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Research Based Practice

Best Practices in Working With Students With Emotion Dysregulation

By Jennifer Cunningham, Linda M. Raffaele Mendez, & Ashley N. Sundman-Wheat

Students with emotion dysregulation have significant difficulty modulating emotional reactions, particularly in response to frustration or challenge. These children can present with a variety of DSM diagnoses in schools, including attention deficit hyperactivity disorder (ADHD), oppositional defiant disorder (ODD), major depressive disorder (MDD), and bipolar disorder (BD). Our previous article (Raffaele Mendez, Hoy, Sundman-Wheat, & Cunningham, 2011) examined research advances in understanding emotional dysregulation in youth. Here, we focus on practical suggestions for working with these students. Some of our recommendations come from sources that specifically address pediatric bipolar disorder (PBD; a disorder where emotion dysregulation is particularly prominent; e.g., Papolos & Papolos, 2006), whereas others come from research examining effective interventions for children with combined disruptive behavior and mood disorders (e.g., Greene et al., 2004).

Consultation, Psychoeducation, and Intervention Development

Youth with emotion dysregulation face a variety of challenges in schools, including coping with irritability in the classroom, maintaining alertness while taking medica- tions that can produce sedation and cognitive dulling, and organizing themselves in the classroom given deficits in executive functioning (see Papolos & Papolos, 2006). Because children with emotion dysregulation are often misunderstood in schools, a critical role for the school psychologist is to educate school personnel about disorders involving emotion dysregulation, including their etiology (e.g., PBD and ADHD often run in families), symptoms, and effective treatments. Teachers, in particular, need consultation on classroom-based behavioral strategies that are likely to work (and not work) with these children. Children with emotion dysregulation often experience considerable irritability that, if not dealt with appropriately, can escalate into a rage or explosive tantrum. Papolos and Papolos (2006) suggest proactively addressing this issue by assigning the student a specific person or place that he or she can access when unable to cope. This is very different than the typical strategy of invoking a punishment for a student once the behavior gets out of control. Papolos and Papolos also offer a number of other excellent suggestions for working with children with PBD in schools, including how to develop a comprehensive Individualized Education Program (IEP) that effectively addresses problems with emotion regulation (see Chapter 9 in their 2006 book). Even for students who do not have an IEP, putting into place specific strategies for de-escalating behavioral reactions is an important preventive strategy for these students. School psychologists should make sure these strategies are communicated to all who might come in contact with the student at school, including the nurse, guidance counselor, principal, assistant principal, bus driver, and afterschool care providers.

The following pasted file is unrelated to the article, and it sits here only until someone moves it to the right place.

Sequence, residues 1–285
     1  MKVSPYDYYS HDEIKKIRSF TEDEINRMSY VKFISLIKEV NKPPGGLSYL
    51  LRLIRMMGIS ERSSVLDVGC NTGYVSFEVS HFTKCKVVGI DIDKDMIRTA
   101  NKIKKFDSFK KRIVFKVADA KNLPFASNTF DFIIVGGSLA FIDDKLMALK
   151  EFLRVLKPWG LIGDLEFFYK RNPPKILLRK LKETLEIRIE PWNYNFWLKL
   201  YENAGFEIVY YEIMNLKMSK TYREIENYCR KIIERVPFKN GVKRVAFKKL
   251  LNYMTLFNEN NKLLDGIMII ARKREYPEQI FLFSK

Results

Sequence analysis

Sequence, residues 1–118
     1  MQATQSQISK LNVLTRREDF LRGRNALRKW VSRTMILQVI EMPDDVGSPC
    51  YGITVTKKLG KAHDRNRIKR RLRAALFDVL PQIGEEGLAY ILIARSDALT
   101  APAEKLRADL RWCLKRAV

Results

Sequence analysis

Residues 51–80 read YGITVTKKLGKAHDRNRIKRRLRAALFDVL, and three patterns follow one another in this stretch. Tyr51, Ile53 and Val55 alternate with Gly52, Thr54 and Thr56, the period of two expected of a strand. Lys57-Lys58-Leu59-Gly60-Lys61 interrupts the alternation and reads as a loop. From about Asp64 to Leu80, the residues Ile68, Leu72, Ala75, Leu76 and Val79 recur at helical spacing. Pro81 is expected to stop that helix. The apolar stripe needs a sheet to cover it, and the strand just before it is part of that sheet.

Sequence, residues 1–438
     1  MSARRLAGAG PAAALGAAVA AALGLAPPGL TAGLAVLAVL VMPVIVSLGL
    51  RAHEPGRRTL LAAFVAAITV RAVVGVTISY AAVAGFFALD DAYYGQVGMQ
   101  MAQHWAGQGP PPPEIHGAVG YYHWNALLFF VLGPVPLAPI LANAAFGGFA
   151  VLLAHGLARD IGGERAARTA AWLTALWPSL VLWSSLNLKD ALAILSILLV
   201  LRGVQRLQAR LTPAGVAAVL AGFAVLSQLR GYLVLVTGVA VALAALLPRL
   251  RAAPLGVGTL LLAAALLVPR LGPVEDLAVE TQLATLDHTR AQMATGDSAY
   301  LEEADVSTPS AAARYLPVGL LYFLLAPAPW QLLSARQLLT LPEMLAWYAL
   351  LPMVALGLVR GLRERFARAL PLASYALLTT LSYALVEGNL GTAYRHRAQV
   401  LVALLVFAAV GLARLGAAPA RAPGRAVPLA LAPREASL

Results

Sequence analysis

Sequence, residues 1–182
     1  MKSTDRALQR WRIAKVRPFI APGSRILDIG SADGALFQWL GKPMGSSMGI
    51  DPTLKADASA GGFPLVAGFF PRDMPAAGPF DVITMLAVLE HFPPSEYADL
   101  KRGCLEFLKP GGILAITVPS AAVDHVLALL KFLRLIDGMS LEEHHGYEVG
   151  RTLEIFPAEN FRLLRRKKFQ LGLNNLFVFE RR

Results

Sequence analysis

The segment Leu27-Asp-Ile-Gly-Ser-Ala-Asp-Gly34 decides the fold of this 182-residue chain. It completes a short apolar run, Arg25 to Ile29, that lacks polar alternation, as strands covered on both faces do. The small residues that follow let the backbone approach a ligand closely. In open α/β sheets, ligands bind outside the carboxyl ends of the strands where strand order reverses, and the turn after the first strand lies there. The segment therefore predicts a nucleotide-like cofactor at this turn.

School psychologists also have an important role to play in educating parents about emotion dysregulation. For parents grappling with the challenges of raising a child with emotion dysregulation, providing psychoeducation and demystifying the child's symptoms can be extremely helpful (Chesno-Grier, Wilkins, & Pender, 2007). Psychoeducation efforts are frequently aimed at providing families with important information regarding their child's diagnosis, which can include specific information about symptoms, behavior management strategies, and different treatment options (Fristad, Goldberg-Arnold, & Gavazzi, 2003). Information provided as a part of psychoeducation to families can also include how to advocate for appropriate interventions and/or accommodations in school as well as how to access community resources and support groups. Given that psychotropic medications are one of the most common treatment strategies for children with mood disorders (particularly PBD; Killu & Crundwell, 2008), many families who have children with emotion dysregulation will be seeking services through a psychiatrist or neurologist. School psychologists can assist these families by providing timely referrals to reputable medical providers in the local community.